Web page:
Nevada Patient Busing

Embattled Nevada psychiatric hospital in danger of losing Medicare funds

A federal agency is moving to terminate Medicare funding for Nevada's embattled state psychiatric hospital, which has been under fire for busing hundreds of patients to states across the nation in the past five years.

Deficiencies at Rawson-Neal Psychiatric Hospital, which discharged a patient and bused him to Sacramento with no plan for care in February, "substantially limit the hospital's capacity to render adequate care to patients" and "adversely affect patient health and safety," federal regulators wrote in a letter to state officials released late Friday.

Most of Rawson-Neal's funding comes from the state of Nevada, so losing federal dollars would not necessarily be a death knell. But it would add to a growing list of challenges the hospital faces, including the recent loss of its accreditation from the Joint Commission, an independent agency that evaluates medical facilities.

The Las Vegas hospital has been under intense scrutiny since The Sacramento Bee published a series of reports examining its patient discharge practices.

The Bee found that the hospital had bused roughly 1,500 patients to states across the nation over the past five years, about a third of them to California.

"We're concerned," said Rufus Arther, director of hospital operations for the U.S. Centers for Medicare and Medicaid Services' Western division. "We're concerned whenever a hospital is not in compliance."

CMS officials launched an investigation into Rawson-Neal in March.

A month later, they sent a letter that said the hospital suffers from "systemic" problems that compromised the safety of patients who were being discharged. Rawson-Neal officials promised to fix the problems and submitted a plan of correction to regulators.

Around the same time, CMS also embarked on a second investigation of the hospital's policies and practices.

That investigation was meant to determine whether Rawson-Neal violated the federal Emergency Medical Treatment and Active Labor Act (EMTALA), also known as the patient anti-dumping law, which restricts a hospital from refusing treatment to a patient during an emergency just because the costs may be high.

The results from both investigations, released Friday, were unfavorable to Rawson-Neal.

One set of results, based on an inspection conducted in June, found problems with the hospital's governance, medical and nursing staffs. The letter did not specifically state the nature of the problems.

The EMTALA investigation found that the hospital failed to provide stabilizing treatment to patients, failed to provide appropriate medical screenings and failed standards relating to having physicians on call.

CMS has forwarded a copy of its EMTALA report to the Office of the Inspector General within the U.S. Department of Health and Human Services, Arther said. The inspector general's office could impose fines on the hospital.

Arther said Southern Nevada Adult Mental Health Services, which oversees Rawson-Neal, has 10 days to submit a "plan of correction" of the hospital's problems. If it does so, it will be subject to another unannounced visit by inspectors.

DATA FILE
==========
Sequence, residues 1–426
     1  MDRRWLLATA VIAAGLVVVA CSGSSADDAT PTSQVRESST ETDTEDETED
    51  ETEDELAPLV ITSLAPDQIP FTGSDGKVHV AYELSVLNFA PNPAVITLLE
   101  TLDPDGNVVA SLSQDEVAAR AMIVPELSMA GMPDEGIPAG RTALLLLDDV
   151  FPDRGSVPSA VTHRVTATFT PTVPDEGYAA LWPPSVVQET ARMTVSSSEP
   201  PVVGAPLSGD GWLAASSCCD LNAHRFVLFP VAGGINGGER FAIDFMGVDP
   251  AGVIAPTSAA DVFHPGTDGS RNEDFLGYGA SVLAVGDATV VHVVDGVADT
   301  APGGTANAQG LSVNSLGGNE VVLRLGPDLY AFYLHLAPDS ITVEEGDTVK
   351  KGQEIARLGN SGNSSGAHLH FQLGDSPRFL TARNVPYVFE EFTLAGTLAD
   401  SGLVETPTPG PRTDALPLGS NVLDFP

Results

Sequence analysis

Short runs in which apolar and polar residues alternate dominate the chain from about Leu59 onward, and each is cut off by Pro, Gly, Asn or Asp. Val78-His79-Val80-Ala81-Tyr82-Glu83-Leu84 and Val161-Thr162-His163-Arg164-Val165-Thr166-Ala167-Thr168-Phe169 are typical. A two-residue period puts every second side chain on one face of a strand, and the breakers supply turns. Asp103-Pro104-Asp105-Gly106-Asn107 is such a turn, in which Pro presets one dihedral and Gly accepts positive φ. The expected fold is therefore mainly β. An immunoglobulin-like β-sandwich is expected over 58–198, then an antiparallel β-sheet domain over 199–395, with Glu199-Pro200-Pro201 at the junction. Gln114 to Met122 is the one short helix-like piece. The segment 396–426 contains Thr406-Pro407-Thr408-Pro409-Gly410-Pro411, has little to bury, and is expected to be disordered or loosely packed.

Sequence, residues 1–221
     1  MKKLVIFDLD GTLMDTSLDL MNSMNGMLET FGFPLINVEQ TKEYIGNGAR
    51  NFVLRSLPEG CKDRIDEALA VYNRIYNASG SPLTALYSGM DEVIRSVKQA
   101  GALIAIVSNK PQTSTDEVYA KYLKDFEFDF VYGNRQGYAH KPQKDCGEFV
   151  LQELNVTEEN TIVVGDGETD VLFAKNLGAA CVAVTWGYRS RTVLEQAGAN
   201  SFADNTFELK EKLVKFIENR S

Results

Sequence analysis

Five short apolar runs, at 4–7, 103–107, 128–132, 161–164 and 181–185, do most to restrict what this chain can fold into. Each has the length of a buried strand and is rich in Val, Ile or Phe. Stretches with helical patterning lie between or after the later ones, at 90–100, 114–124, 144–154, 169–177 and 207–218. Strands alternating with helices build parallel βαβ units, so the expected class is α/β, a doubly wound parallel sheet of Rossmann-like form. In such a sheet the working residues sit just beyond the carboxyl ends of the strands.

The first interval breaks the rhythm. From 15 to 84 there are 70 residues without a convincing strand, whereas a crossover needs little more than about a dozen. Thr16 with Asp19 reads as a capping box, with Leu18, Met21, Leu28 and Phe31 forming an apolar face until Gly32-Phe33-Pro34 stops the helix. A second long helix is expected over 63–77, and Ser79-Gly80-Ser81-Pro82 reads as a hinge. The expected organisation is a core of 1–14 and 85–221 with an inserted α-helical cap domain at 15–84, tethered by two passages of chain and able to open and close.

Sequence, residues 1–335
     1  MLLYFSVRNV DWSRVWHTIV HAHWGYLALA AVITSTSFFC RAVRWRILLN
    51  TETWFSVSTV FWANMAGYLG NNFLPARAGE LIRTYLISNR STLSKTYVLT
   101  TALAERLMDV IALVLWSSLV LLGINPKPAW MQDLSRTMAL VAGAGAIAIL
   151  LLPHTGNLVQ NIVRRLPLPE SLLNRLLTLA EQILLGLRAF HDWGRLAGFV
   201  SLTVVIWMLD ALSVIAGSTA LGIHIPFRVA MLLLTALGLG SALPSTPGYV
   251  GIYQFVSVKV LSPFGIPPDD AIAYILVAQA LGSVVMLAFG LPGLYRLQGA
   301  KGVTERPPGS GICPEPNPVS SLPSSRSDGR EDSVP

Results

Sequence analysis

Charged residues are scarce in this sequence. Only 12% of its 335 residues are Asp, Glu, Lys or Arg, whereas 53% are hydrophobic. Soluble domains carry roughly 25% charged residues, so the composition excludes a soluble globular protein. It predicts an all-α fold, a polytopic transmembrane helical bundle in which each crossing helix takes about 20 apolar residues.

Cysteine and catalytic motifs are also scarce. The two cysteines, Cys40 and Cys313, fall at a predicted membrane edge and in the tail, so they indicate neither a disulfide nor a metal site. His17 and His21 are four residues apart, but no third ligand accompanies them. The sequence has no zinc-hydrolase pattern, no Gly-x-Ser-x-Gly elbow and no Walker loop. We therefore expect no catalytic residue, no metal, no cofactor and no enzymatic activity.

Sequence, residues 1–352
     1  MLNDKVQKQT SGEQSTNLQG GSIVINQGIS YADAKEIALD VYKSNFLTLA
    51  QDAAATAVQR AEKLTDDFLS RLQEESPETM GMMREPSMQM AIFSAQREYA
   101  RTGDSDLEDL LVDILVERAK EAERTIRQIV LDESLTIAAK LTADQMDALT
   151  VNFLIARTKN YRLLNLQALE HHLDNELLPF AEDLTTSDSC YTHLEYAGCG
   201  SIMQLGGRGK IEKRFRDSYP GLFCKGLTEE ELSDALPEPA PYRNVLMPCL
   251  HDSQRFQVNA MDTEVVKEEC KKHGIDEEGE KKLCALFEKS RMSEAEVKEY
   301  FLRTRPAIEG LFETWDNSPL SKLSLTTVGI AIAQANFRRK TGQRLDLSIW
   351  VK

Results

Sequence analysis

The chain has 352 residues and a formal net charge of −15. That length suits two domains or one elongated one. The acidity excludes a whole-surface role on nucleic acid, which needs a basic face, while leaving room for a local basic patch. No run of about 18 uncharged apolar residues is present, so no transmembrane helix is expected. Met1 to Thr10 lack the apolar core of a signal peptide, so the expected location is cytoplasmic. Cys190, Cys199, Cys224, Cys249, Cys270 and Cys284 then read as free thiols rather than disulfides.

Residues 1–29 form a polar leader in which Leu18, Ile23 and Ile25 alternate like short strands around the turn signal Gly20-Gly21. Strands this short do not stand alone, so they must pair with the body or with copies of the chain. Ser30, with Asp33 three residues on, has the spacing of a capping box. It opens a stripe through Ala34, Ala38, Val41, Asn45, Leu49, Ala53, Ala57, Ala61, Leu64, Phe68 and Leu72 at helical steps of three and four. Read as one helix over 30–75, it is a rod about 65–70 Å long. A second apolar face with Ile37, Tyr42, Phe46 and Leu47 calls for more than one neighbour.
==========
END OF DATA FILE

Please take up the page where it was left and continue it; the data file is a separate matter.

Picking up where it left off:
That follow-up inspection will determine whether the hospital will continue to be deemed eligible to receive federal reimbursement for care of Medicare patients, he said.

Arther said it is rare for a hospital to permanently lose that designation. "We try to work with providers to the extent that we can, and more often than not the hospitals will make the necessary corrections to come into compliance," he said.

Joel Dvoskin, an outside consultant who evaluated Rawson-Neal earlier this year at the state's request, said the potential loss of Medicare funding is a serious issue for any facility.

It's important, he said, "especially at a time when mental health budgets at every level all over the country have been cut. This certainly isn't going to help them."

Dvoskin, a psychologist based in Arizona, said he is convinced that state and hospital officials "took our process very seriously" and are working to correct the problems that he and another consultant, psychiatrist Kenneth Applebaum, cited in their lengthy review of Rawson-Neal.

Among other things, they said hospital staff often feels pressure to discharge patients to make room for more, that the facility relies too heavily on treatment with medications and not enough on psychotherapy or behavioral therapy, and that staffing levels are not adequate for the large volume of patients seen at the hospital.

Nevada state health officials did not return calls for comment Friday afternoon.

Earlier this week, Nevada Health and Human Services Director Mike Willden told a legislative committee that CMS officials have put the hospital under constant scrutiny.

"Quite frankly, they've been in our facility every other week," he said, referring to CMS inspectors. "We've had multiple teams in recently."

Nonetheless, Willden and others have insisted that conditions at the hospital have improved since CMS first threatened to cut off funding in the spring.

For instance, in criticizing the Joint Commission's decision to issue a preliminary denial of accreditation late last month, Willden said the ruling was based on an inspection that is "not an accurate reflection of the hospital's current practices and policies."

Several legislators at this week's hearing, which resulted in the release of about $2 million mostly for improvements at the Rawson-Neal campus, expressed frustration with continued problems at the hospital. "We're not serving our community," said Assemblywoman Lucy Flores, D-Clark County.

Call The Bee's Cynthia Hubert, (916) 321-1082. Follow her on Twitter @cynthia_hubert.